Starring Rami Malek, Lucy Boynton, Gwilym Lee, Ben Hardy, Joseph Mazzello, Aidan Gillen, Tom Hollander, Allen Leech, Mike Myers
3 STARS (out of 5)
Is this the real life? Is this just fantasy? Caught in a landslide, did this movie actually finally get made? Yes – it really did – though it’s such a shame it’s not the barnstorming warts-and-all biopic it really, really should have been.
For those uninitiated, a movie about the story of Queen – inarguably one of the most important rock groups in Western history – has been on the backburner for almost a decade. To say this is a movie which has gone through development hell and back is an understatement – and perhaps a movie about the making-of could hit the big screen in years to come. Amidst changes in casting, clashes between what the cast wanted and what the remaining members of Queen wanted from a script and a last-minute change in director (as Bryan Singer was dropped following on-set complaints), Bohemian Rhapsody is a celebration of a band which has been through the wringer in some of the most heart-wrenching ways possible.
Bohemian Rhapsody (20th Century FOX)
Initially, Sacha Baron Cohen was on board to play Mercury, though after some very public creative differences came to light (which are worth reading deeper into), Mr Robot’s Rami Malek was eventually brought into fill some very big shoes. Mercury is no less a singer, more an icon for a generation of rock stars. An extremely complex character, apparently shy and modest in some ways yet wild and bombastic in others, his was a life which was, of course, tragically cut short almost thirty years ago. The movie, unfortunately, doesn’t give us a full scope of Queen from the early days through to Freddie’s final days in the studio, choosing instead to focus on the band’s early years rolling all the way up to Live Aid in 1985, arguably the band’s magnum opus in an incredible performance which would help to define their legacy.
Bohemian Rhapsody, sadly, isn’t the great, thundering epic it could have been. While there are definite moments of joy and genuine entertainment throughout, everything is handled in a rather blasé, matter-of-fact fashion. The film is well-cast, overall, and it most certainly benefits from Malek as Mercury, in what will likely be his breakout role in an otherwise fairly flimsy film. Queen fans will likely know all the ins-and-outs of much of what’s on display here, and while it’s fun to see everything play out, it does rather feel as though we’re seeing a tribute band cover shows and performances we’ve already seen. For a movie that was supposed to give us an in-depth look at one of the biggest and most idiosyncratic rock bands of all time, we are more or less given a TV-movie plod-through for the most part.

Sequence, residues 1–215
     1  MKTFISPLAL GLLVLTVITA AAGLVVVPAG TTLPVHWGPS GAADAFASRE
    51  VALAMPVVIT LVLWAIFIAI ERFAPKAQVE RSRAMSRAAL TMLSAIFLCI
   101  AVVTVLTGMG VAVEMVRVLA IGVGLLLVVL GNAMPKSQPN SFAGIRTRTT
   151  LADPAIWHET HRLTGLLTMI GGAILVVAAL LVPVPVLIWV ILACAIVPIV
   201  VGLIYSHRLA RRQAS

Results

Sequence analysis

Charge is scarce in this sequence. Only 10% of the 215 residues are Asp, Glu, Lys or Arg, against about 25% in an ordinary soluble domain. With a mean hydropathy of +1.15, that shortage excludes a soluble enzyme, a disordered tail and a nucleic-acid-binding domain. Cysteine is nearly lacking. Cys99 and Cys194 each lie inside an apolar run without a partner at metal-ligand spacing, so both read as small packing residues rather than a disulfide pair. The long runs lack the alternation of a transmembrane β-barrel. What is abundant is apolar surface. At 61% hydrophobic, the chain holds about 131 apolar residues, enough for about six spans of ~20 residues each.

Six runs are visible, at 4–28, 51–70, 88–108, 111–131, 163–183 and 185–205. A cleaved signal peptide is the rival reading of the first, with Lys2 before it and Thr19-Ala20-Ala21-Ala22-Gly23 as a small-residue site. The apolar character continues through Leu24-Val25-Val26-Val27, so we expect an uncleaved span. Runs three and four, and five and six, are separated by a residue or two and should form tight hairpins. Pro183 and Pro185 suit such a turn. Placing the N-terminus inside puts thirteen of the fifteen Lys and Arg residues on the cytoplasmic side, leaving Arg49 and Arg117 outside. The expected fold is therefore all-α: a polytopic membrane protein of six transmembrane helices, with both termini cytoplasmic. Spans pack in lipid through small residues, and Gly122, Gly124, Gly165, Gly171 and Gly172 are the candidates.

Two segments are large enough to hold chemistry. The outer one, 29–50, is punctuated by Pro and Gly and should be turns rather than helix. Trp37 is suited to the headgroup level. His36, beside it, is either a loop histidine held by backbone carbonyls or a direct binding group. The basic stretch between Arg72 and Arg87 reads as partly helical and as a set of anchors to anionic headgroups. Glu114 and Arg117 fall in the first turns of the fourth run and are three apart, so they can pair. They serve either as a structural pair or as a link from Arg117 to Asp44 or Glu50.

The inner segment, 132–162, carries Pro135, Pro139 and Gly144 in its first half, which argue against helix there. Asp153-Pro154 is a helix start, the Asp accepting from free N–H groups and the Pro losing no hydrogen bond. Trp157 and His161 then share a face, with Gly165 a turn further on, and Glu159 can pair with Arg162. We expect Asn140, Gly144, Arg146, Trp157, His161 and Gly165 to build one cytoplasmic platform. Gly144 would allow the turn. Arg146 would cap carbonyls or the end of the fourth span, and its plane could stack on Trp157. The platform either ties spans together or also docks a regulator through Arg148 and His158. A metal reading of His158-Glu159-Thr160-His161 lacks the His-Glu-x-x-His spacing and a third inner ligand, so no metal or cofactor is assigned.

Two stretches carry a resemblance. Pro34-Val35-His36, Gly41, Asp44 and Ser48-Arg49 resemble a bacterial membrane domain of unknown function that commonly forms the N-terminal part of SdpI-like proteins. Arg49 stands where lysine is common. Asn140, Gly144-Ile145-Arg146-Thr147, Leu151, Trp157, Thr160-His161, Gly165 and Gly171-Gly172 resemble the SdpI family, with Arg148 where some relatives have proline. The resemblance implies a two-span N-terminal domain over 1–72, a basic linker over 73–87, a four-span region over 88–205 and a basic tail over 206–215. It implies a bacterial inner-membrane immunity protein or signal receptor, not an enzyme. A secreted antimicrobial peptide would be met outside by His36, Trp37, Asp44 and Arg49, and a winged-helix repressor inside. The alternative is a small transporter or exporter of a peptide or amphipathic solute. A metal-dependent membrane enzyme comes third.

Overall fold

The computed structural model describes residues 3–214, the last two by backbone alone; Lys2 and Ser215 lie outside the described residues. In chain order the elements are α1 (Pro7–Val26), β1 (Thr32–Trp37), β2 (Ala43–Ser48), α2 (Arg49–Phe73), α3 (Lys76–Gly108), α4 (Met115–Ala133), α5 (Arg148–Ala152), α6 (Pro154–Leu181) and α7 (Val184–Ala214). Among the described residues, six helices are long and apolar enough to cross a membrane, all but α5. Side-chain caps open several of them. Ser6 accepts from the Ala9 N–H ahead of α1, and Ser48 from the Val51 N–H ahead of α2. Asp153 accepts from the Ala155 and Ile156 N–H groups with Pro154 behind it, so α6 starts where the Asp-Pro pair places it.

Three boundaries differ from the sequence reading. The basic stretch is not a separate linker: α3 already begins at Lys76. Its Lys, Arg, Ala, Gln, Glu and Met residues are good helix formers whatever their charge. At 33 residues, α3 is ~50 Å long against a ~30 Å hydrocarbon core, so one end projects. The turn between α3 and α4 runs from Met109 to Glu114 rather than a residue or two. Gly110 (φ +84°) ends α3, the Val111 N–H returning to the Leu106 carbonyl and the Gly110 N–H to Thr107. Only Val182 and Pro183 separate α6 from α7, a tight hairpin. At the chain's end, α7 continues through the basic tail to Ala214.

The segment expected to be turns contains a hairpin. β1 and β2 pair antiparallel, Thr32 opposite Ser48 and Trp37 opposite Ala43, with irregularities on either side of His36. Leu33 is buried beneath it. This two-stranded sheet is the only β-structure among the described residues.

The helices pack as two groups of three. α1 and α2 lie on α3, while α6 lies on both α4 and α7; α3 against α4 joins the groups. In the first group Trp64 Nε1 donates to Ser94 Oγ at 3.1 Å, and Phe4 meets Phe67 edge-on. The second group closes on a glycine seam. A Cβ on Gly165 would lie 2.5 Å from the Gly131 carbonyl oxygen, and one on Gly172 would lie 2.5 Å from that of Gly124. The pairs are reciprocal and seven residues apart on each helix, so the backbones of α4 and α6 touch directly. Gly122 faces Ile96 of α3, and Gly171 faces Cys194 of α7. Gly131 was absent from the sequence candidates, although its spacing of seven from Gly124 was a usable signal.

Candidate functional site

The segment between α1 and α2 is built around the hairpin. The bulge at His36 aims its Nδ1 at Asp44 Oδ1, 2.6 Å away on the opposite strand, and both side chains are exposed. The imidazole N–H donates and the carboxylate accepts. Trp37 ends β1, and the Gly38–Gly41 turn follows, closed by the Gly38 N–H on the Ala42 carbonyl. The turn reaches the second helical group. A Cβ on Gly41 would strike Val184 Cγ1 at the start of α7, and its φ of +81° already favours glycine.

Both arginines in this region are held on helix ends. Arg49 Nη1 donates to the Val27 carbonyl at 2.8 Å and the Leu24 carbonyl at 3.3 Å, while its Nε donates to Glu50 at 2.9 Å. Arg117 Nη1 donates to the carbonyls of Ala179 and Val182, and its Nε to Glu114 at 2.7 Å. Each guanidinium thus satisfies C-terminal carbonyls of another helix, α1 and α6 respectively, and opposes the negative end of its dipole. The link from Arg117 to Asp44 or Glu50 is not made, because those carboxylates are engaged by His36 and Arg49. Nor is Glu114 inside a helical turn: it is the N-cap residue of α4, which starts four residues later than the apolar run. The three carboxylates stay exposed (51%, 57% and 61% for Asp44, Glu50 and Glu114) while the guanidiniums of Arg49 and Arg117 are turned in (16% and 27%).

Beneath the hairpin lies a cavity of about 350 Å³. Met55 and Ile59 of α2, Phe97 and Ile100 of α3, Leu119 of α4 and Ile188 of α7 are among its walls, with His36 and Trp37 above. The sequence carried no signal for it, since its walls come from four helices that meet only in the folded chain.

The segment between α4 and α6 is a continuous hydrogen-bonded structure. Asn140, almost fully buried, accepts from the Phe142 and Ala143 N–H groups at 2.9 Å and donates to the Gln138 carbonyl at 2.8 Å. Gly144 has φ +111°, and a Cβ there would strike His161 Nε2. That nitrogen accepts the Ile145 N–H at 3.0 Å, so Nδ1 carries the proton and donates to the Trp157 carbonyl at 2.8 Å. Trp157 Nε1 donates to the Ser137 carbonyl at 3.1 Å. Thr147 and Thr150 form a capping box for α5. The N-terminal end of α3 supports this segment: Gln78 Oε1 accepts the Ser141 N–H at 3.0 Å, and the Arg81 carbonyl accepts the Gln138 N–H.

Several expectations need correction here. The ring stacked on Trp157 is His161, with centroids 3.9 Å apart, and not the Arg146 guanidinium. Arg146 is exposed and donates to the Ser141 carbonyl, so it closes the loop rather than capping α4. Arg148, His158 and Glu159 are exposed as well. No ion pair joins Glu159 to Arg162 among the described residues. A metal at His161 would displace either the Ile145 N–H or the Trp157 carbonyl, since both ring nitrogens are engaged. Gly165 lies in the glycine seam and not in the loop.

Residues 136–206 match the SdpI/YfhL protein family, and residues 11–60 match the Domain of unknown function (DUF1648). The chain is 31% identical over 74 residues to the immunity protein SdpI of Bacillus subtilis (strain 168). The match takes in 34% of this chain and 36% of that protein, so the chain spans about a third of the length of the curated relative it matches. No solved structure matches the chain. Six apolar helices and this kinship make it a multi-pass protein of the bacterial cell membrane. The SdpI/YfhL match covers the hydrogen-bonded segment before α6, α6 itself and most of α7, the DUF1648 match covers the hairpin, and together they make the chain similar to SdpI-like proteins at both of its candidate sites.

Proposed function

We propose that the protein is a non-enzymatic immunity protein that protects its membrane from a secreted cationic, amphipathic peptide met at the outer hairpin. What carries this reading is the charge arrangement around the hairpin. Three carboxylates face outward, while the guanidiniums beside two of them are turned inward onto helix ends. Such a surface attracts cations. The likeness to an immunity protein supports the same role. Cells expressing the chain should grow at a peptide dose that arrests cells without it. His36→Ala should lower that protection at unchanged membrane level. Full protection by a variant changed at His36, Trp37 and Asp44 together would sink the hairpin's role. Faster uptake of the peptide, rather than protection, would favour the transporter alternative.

That, sadly, is to the film’s detriment, though the highs really are high. The performances are electric, if familiar, and it does feel genuinely satisfying to be watching a movie all about Freddie Mercury, Brian May, John Deacon and Roger Taylor – and everyone else in between, David Bowie included. The trouble with this movie is largely its script. The decision to offer a rather pedestrian meander through the band’s formative years doesn’t really make for the stonking epic so many fans were hoping for. What’s more, it rather glosses over some of the wilder aspects of Mercury’s lifestyle, failing to cover much with regard to his proclivities. What’s more, sealing the script off at the band’s performance at Live Aid feels rather hollow – it would have been fascinating to see how this cast and directing team would have handled the band’s devastating final years, with Mercury finally succumbing to AIDS in 1991. Instead, however, it’s glossed over briefly.
Bohemian Rhapsody - Official Trailer (20th Century FOX)
This is by no means a negative review – check the score – as when it does strike positively, it really does well. This is an entertaining movie, one that does hold a great deal of fascination, and one which – obviously – boasts some fantastic music to boot. Malek is a revelation in the lead role, and the ensemble cast works well to bring an absolute goliath in music to life. Both Bryan Singer and Dexter Fletcher (the latter whom finished production) are competent directors, and they make brilliant use of what’s available to them – apart from, it seems, a tenable script.
Bohemian Rhapsody is an ‘official’ Queen product in that it’s had the input of May and Taylor throughout (Deacon having long since retired). It’s been said several times that the band had a different vision with regard to this movie early on in production, with rumours that they would have covered Mercury’s demise towards the middle of the film. Would this have worked as well? Having seen the final product – I have to say that, while satisfied on a base level, I’m left wanting a whole lot more. Anyone interested in the band may do better looking up documentary material and footage of Mercury for the full story – but for a nice little celebratory piece, Bohemian Rhapsody tries its best – and isn’t as torrid as some critics would have you believe.